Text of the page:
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Alumnus shares experiences
Engineering, law good tandem degrees, Gallo says
After Don Gallo earned his bachelor’s in civil engineering from Tri-State College in 1974 and his master’s in environmental engineering from the University of Akron in 1977, he discovered a vast reservoir of professional opportunity in environmental engineering.
Engineer and attorney Don Gallo, right, who graduated from Tri-State College in 1974, visits with chemical engineering students Chason Ault, left, Matt Mills, and Megan Lentz in the office of Dr. Allen Hersel, chair of the McKetta Department of Chemical & Bioprocess Engineering on Feb. 19.
However, he could see that attorneys knew the law, but not the science, to gain approval for their clients’ building and development projects. “So I went to law school. It wasn’t easy, but what a professional niche it provides,” he told Trine University engineering students gathered on Feb. 19 in the office of Dr. Allen Hersel, chair of the McKetta Department of Chemical & Bioprocess Engineering.
The students, two with environmental engineering minors and two with senior projects in environmental design, listened intently as Gallo described some of the projects with which he has been involved and the environmental issues through which he has navigated as an attorney in the environmental department for Reinhart Boerner Van Deuren in Wisconsin.
"I love my job," he told the students. He works with engineers and specialists on projects ranging from waste field clean-ups to the establishment of new, energy-efficient businesses. “It’s a great field to go into,” he told them. “The new stimulus bill will create a boom in water and wastewater projects.”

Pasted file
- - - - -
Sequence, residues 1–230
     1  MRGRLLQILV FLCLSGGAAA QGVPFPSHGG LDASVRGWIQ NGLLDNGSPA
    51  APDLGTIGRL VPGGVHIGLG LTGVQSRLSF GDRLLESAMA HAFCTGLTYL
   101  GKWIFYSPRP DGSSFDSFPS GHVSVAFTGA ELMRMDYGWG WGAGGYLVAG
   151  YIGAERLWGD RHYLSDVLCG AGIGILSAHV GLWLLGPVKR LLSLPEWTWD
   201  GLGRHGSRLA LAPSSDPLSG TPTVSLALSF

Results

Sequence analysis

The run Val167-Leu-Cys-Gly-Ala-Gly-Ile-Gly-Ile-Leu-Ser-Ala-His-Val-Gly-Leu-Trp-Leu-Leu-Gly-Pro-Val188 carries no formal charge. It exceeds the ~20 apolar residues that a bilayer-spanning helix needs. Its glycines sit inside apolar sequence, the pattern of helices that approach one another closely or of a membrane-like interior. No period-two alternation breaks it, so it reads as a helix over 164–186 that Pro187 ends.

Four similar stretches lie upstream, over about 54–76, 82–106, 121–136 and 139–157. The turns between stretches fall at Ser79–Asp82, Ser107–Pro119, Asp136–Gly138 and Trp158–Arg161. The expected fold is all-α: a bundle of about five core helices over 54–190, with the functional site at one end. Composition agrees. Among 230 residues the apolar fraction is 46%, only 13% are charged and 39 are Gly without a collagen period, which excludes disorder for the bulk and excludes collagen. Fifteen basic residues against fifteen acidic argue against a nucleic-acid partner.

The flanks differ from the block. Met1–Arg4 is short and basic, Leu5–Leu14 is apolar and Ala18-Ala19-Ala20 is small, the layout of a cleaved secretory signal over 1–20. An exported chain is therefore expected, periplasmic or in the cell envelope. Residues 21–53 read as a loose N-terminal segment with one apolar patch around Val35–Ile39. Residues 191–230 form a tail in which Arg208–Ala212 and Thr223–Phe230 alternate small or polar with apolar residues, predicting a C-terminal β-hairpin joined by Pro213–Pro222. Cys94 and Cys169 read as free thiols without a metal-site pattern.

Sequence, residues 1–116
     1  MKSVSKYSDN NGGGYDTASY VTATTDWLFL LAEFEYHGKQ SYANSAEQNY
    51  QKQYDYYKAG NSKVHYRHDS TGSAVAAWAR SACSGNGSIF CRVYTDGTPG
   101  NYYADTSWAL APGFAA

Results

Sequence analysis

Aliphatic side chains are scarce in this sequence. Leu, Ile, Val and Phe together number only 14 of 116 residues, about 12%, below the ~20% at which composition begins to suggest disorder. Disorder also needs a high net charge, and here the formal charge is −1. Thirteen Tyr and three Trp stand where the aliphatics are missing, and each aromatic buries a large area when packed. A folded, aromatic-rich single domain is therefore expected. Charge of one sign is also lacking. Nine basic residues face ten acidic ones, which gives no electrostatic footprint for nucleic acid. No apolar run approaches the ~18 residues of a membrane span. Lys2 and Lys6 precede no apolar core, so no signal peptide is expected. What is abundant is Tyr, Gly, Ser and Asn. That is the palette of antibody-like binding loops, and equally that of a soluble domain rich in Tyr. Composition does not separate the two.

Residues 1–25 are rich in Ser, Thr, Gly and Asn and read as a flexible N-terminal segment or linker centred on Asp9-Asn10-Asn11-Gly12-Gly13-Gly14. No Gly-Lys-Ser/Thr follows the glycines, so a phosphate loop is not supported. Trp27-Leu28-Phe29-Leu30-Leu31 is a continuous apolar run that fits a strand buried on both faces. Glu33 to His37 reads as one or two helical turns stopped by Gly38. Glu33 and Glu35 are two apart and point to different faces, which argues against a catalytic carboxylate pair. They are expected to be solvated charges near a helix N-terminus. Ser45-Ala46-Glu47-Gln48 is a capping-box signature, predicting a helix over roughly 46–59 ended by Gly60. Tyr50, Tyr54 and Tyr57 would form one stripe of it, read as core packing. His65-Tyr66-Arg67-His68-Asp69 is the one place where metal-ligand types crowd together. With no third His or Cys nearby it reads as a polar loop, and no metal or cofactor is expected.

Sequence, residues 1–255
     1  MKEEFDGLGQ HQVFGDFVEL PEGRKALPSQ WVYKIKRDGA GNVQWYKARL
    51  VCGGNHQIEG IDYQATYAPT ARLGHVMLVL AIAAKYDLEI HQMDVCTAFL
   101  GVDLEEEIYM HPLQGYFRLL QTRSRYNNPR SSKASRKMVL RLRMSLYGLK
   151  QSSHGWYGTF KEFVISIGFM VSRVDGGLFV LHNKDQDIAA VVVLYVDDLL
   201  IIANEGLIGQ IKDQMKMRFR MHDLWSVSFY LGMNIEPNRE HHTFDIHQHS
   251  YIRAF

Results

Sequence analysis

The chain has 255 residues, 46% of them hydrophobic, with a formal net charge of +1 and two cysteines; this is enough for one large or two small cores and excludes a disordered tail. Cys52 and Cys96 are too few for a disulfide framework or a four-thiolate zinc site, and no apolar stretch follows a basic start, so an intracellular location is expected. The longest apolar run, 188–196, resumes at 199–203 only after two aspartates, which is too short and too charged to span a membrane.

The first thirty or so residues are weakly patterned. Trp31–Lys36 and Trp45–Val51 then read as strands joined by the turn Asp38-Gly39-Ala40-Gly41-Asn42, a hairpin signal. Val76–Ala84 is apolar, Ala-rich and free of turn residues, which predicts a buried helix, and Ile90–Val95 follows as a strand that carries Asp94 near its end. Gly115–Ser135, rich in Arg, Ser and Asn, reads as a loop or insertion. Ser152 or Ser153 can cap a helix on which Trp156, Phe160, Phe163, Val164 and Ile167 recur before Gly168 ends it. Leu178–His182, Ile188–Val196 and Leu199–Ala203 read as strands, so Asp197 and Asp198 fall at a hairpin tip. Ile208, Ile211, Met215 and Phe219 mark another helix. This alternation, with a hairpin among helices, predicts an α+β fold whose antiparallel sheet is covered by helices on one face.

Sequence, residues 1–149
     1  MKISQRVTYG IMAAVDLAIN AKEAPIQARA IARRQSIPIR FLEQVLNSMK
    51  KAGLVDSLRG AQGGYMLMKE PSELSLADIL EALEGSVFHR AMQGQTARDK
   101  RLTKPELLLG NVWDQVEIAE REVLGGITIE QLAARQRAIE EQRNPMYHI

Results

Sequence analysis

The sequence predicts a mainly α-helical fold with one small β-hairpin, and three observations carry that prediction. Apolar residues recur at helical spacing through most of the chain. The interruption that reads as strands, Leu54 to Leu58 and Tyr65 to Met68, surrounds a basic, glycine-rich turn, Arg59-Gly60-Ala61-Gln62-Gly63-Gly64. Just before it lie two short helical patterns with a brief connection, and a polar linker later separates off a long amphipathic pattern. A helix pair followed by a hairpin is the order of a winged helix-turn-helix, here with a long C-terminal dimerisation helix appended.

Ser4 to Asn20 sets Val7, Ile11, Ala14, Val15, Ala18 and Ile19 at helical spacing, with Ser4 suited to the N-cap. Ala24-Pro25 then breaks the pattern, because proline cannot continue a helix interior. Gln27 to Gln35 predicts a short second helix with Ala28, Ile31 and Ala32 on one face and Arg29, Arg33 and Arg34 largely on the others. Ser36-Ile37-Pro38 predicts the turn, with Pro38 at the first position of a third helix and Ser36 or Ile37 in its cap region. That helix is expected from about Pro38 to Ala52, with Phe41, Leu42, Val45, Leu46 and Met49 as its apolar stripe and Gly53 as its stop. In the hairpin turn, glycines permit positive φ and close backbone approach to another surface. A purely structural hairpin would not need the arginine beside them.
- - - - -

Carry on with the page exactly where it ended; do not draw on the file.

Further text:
To illustrate, he detailed a project which runs thermal wastewater from a plant through a fishery to raise tilapia, and then through a perch hatchery as the water cools, and finally routes the high nitrogen waste water through an urban greenhouse to produce foods in high demand by chefs. “This is already open on three acres in Milwaukee. This was wasted energy,” he told the students.
Other issues center on water conservation. “We have the Great Lakes in the Midwest, and grapple with how we can better manage it,” he said. “There’s a 15-foot annual lowering of the ground water, but in Waukesha we have conserved 40 percent of the water use. These are some of the things we’re working on.”
Students eagerly quizzed Gallo on subjects ranging from the process of validating a site clean-up to creating zero-discharge ethanol.
Gallo said his engineering education prepared him well for his professional success. “I had a fabulous foundation here. The world is your oyster,” he told the students.
He advised securing an engineering position and building experience before making a move to the law. “I wouldn’t go straight to law school. I’d practice engineering 5-10 years. I graduated from here, went to work and then took night classes at Akron for environmental and chemical engineering. I worked 14 years, then went to law school and worked half-time at the engineering firm.”
The hard work opened the ability to operate on dual fronts. “I’m doing engineering projects, but I have to be a lawyer to make it work,” he said.